A motley nativity decorates our mantelpiece, the figures acquired over fifty years. Some I first saw at my grandmother’s house. The olive wood wise men set out from the left edge with their camels. The shepherds came from the right. Grandma Galli had background artwork, long since lost as she moved to assisted living, then bounced to my parents’ house and finally ended her life in a nursing home.
“We will all wear out like clothing.”
Widowed in her 50s, my grandmother set out to see the world. She was a Laubach Literacy volunteer in Japan, did mission work in India, and visited the Holy Land. She collected more than one nativity set on her travels. When my oldest was a toddler, my mother sent us a soft set, wire figures with fabric faces and actual clothes, the animals not as bendable as my second child’s fondness for them required. The “doh-doh” was his special friend, carried around the house and hidden and rediscovered until finally one leg fell limply from his soft, grey body.
The olive wood figures came to me after my parents died. We set them up each year, Grandma Galli-style: wise men on the left, shepherds on the right, an empty manger at the middle waiting for the baby. We added candles and gazed at the scene by the soft light.
A few years ago I felt wistful for the by now hard-used textile set, and I scrounged through the box looking for pieces I could add. Two shepherd boys; why, they were only a little out of scale! And I could add the lambs, because their dear little legs remained intact.
Somewhere among the Christmas things were other little wooden camels, smaller than the handsome set belonging to my grandmother. If I put them far to the left, maybe they would look like the camel train stretching into the distance. Yes?
And that Italian angel, the only piece of a set an elderly cousin meant to start for us, she could stand by the manger, surely, to worship the baby Jesus.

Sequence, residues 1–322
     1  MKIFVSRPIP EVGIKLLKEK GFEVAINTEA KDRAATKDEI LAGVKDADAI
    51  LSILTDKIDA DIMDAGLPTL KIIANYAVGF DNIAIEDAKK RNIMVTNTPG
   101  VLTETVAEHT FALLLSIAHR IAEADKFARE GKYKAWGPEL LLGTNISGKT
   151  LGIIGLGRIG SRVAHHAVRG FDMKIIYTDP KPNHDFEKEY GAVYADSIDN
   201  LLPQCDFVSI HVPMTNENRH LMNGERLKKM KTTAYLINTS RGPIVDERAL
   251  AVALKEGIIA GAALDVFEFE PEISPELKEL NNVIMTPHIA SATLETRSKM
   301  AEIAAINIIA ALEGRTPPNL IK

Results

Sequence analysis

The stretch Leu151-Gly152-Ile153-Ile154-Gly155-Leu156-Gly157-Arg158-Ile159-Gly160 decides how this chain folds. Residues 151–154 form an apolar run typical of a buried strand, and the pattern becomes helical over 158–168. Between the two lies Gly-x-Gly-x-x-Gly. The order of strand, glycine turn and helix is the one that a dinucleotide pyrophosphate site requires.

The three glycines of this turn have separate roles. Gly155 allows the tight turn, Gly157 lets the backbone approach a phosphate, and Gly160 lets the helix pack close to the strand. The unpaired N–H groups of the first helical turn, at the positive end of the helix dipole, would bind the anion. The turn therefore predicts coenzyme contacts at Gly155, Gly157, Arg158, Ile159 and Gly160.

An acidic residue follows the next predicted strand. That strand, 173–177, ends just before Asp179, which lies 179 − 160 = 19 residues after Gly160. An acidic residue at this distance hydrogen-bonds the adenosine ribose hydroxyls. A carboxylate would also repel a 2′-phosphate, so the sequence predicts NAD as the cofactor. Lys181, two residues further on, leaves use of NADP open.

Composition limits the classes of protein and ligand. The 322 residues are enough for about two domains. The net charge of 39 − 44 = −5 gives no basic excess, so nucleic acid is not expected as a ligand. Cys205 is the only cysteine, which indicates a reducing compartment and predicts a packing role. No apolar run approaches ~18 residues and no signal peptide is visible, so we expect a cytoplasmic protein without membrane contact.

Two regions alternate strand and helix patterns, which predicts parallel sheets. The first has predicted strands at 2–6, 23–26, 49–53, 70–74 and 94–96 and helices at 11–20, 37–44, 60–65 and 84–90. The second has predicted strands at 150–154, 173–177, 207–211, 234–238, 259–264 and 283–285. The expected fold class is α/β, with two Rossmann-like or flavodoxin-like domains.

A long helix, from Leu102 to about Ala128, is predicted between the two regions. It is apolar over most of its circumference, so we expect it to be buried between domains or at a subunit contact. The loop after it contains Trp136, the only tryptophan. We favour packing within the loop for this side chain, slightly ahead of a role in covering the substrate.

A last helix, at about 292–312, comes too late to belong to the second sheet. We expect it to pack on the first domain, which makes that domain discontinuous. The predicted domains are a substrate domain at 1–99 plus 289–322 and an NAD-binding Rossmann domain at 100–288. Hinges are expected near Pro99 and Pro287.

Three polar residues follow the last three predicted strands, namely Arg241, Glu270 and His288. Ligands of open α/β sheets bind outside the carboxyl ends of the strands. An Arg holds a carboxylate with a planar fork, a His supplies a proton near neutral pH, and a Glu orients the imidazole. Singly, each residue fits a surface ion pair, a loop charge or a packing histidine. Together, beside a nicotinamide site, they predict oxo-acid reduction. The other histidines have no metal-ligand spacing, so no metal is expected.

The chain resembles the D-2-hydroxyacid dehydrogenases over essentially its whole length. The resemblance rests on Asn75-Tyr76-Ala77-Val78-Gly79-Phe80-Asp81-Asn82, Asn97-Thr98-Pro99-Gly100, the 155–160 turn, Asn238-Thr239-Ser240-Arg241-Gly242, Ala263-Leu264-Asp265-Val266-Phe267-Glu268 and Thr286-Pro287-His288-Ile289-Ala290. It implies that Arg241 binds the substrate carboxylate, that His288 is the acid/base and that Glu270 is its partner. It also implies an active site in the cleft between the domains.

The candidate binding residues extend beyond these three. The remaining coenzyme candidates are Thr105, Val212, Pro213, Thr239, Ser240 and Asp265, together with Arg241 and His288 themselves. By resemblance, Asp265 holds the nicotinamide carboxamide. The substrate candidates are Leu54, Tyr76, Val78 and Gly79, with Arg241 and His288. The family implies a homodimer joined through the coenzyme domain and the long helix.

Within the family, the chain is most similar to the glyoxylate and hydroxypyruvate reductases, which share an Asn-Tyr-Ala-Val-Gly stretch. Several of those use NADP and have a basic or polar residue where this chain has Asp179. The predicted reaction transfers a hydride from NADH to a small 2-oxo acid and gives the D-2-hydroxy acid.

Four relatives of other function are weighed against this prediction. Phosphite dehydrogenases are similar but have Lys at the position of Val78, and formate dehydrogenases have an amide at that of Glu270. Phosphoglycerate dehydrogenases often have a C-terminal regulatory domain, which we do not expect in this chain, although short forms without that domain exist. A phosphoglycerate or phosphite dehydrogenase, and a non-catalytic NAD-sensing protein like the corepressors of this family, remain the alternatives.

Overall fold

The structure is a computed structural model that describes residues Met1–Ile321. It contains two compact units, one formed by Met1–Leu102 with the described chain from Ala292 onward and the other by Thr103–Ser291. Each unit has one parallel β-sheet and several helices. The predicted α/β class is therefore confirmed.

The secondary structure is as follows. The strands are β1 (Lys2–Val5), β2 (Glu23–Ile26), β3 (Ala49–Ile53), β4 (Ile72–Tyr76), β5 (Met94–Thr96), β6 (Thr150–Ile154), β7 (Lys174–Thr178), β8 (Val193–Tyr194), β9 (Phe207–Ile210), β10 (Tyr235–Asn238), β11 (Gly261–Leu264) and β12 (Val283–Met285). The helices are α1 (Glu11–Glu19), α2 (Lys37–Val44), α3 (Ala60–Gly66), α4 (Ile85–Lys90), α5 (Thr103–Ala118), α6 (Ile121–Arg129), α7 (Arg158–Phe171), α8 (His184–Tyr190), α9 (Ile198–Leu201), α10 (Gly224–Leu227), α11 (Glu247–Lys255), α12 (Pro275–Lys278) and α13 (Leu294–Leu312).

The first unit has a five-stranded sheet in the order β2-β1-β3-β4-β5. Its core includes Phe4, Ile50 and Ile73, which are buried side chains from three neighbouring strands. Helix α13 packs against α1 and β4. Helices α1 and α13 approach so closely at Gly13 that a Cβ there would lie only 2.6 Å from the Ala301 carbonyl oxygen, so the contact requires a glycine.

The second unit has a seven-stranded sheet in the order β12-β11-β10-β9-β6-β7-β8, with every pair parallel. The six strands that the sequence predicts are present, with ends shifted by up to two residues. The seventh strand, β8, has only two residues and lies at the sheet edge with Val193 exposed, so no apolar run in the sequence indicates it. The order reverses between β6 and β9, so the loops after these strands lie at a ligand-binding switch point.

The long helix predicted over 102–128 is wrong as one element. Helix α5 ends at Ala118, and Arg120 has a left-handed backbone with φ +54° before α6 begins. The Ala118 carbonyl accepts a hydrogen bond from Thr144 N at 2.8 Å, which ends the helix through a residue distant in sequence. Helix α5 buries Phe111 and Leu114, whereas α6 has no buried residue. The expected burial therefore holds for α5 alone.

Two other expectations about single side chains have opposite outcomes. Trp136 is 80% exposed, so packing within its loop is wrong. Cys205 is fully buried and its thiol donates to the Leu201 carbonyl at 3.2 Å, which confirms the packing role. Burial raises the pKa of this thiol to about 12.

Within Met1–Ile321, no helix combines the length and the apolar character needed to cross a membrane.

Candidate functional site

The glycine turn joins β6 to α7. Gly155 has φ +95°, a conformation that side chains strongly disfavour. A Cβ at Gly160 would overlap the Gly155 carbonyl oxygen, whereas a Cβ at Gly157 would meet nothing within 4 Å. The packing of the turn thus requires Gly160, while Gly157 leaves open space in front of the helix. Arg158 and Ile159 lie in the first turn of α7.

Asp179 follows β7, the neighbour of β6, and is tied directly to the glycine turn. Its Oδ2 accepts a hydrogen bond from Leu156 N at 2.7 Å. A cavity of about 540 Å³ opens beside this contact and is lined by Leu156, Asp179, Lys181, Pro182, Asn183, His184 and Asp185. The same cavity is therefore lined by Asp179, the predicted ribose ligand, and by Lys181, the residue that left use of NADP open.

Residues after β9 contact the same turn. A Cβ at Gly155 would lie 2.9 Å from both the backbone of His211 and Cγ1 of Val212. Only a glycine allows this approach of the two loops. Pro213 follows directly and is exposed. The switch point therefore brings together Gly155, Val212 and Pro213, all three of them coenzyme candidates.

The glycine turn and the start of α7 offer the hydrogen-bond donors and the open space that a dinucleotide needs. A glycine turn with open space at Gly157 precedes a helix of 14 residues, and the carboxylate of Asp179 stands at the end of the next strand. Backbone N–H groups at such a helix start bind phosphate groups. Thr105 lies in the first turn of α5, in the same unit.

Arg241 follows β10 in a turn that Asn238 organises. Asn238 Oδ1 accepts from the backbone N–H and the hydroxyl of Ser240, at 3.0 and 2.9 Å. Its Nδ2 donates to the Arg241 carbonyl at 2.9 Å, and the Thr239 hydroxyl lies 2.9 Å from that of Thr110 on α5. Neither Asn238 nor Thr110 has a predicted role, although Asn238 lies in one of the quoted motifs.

A dear, faraway friend has what she calls a grotto in her home. It’s full of other people’s leftovers, found in thrift stores and at yard sales. Once while visiting, I looked up and gasped with recognition. A flamboyantly posed and painted Wise Man gazed at me, just like the one in a set my mother had discarded long ago. He came home in my suitcase and joined the eclectic Nativity. It doesn’t matter that his edges are worn and his paint a little faded.
We will all wear out like clothing, but God’s years will never end.
Fashions change and cultures evolve. Presents everyone wants one year are old-fashioned and eccentric the next, just like a cloak we roll up and put away, or donate to Salvation Army. Material things pass out of fashion.
But eternal things remain the same. God was and is and will be, forever and ever. God – Creator and Christ and Holy Spirit – existed in the beginning, before anything we can see or touch or imagine. God was and is and will be with us, in the midst of our lives just as Jesus was in the world. God was and is and will be found in the old story of angels and a guiding star. God was and is and will be found as a baby in the arms of his mother.
So if that wooden baby Jesus hits the hearth again and the break is beyond the power of Super Glue, I won’t feel I have to replace the whole set. Olive wood Mary can beam just as easily at the leftover textile baby. God was and is and will be, forever and ever. God’s years will never end.